Norovirus: How to clean up after someone who vomits
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The UK’s Covid outbreak has reached heights not seen since March this year, breaching the 50,000 infection mark yesterday. The epidemic remains a core concern for national health experts, many of whom have warned against reopening on July 19. Health officials have their attention split between the epidemic and a recent outbreak of norovirus.
Which settings have the highest norovirus cases?
Norovirus infections can cause a range of often explosive symptoms that last for up to two days.
The most common include stomach pain, nausea, vomiting, and diarrhoea.
The virus is also equipped with enhanced infectivity, allowing it to spread like Covid via surfaces or close contact.
Relaxed Covid restrictions have recently given norovirus infections a window to enhanced public transmission.
Routine surveillance from Public Health England (PHE) recently picked up on a series of norovirus outbreaks across the UK.
Data shows from May to July, cases of the vomiting bug have skyrocketed, now close to pre-pandemic levels.
Educational settings have acted as primary vectors, with incidence highest in childcare facilities and nurseries.
PHE has received a total of 154 outbreak reports in the last five weeks, high above the seasonal average.
Over the last five years, reports have averaged at 53 every summer.
Cases of enteric viruses – the species of disease to which norovirus belongs – increased as a whole from 105 to 236 between May 31 and July 4.
According to The Guardian, two-thirds of these cases developed in nurseries, and the remaining 30 percent emerged in care homes.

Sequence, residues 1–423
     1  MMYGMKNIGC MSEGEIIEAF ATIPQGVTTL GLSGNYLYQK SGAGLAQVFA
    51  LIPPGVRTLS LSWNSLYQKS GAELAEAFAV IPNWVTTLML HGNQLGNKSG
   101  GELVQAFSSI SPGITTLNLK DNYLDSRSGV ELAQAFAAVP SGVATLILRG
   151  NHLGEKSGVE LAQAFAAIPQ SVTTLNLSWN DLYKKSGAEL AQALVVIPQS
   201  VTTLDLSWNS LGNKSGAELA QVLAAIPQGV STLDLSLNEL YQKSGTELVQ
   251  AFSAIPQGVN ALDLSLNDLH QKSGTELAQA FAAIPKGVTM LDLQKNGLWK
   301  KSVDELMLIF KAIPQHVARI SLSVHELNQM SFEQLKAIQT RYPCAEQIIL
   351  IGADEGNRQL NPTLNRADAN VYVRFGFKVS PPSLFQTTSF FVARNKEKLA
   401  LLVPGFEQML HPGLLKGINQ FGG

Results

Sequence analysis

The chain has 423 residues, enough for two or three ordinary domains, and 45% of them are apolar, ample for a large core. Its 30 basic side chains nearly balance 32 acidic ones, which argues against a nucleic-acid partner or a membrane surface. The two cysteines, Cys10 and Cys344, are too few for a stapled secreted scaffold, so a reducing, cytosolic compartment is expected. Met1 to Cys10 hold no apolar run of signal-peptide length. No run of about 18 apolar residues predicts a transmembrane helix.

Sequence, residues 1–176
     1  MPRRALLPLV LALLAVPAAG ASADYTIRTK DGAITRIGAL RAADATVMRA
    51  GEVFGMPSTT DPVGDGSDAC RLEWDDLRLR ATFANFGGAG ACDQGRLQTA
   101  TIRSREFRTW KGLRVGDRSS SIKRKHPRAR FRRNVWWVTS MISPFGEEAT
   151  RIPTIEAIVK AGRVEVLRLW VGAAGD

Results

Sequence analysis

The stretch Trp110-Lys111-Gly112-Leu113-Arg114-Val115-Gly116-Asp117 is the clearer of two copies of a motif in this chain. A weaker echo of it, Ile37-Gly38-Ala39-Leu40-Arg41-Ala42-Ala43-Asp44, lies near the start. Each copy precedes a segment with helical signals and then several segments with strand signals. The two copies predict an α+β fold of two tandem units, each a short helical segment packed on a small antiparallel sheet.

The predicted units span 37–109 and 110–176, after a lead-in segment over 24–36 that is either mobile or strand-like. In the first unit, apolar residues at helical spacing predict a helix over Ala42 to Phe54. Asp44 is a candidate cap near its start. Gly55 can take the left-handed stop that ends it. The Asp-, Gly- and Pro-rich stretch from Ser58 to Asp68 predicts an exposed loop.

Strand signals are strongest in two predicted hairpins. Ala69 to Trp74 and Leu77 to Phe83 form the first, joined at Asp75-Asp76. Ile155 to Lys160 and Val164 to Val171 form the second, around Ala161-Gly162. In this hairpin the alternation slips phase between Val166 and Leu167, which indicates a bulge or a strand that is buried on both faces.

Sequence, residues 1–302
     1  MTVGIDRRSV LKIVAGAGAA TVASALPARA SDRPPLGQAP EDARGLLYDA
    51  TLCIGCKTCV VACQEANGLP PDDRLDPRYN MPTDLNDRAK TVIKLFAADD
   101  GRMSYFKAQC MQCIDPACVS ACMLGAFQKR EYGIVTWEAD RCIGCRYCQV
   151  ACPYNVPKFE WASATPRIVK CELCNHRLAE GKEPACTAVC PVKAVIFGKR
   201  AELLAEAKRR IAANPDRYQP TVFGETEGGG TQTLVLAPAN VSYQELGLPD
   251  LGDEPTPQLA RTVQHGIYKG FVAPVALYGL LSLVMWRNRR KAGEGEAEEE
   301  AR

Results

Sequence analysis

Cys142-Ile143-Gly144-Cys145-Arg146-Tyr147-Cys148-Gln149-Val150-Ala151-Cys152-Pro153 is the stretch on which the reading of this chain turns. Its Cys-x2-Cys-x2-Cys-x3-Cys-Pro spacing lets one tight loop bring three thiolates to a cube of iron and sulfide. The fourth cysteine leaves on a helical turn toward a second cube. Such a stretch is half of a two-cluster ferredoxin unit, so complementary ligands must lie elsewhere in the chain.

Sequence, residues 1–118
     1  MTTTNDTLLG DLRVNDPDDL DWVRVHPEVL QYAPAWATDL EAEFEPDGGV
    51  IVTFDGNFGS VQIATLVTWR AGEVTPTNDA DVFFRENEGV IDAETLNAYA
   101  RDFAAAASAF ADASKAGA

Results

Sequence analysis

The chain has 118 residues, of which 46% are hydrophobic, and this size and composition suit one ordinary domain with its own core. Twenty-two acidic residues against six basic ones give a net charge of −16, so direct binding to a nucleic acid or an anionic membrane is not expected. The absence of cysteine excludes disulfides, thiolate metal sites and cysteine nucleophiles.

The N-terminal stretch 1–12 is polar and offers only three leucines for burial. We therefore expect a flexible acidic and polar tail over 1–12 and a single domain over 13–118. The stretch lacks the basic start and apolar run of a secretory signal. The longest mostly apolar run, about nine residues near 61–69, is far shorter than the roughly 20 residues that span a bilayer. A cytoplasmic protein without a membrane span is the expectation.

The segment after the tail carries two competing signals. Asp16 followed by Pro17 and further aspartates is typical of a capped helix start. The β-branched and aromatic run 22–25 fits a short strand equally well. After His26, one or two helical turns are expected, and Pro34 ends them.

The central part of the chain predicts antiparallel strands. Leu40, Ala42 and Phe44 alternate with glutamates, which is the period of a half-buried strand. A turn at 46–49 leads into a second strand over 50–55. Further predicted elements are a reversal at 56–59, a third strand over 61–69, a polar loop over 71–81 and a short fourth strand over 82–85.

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Professor Saheer Gharbia, Deputy Director of PHE’s National Infection Service, said Covid restrictions had blocked the virus’ transmission routes.
She advised people to stay at home if they have norovirus symptoms and not return to work or send children to school or childcare until 48 hours after the symptoms have passed.
People can avoid norovirus infections in the first place with a range of preventative measures.
But the virus is resistant to some staple methods of dealing with Covid.
How to prevent norovirus infections
PHE has outlined the following five methods as effective at preventing norovirus:
- Stay at home if you have norovirus symptoms
- Wash hands frequently and thoroughly with soap and water
- Don’t lean on anti-bacterial gel as it doesn’t work with norovirus
- Use a bleach-based household cleaner or bleach/hot water combination to disinfect surfaces
- If sick, avoid cooking or preparing meals until 48 hours after symptoms pass
- Wash contaminated clothes and bedding with detergent at 60C and while wearing protective coverings if possible
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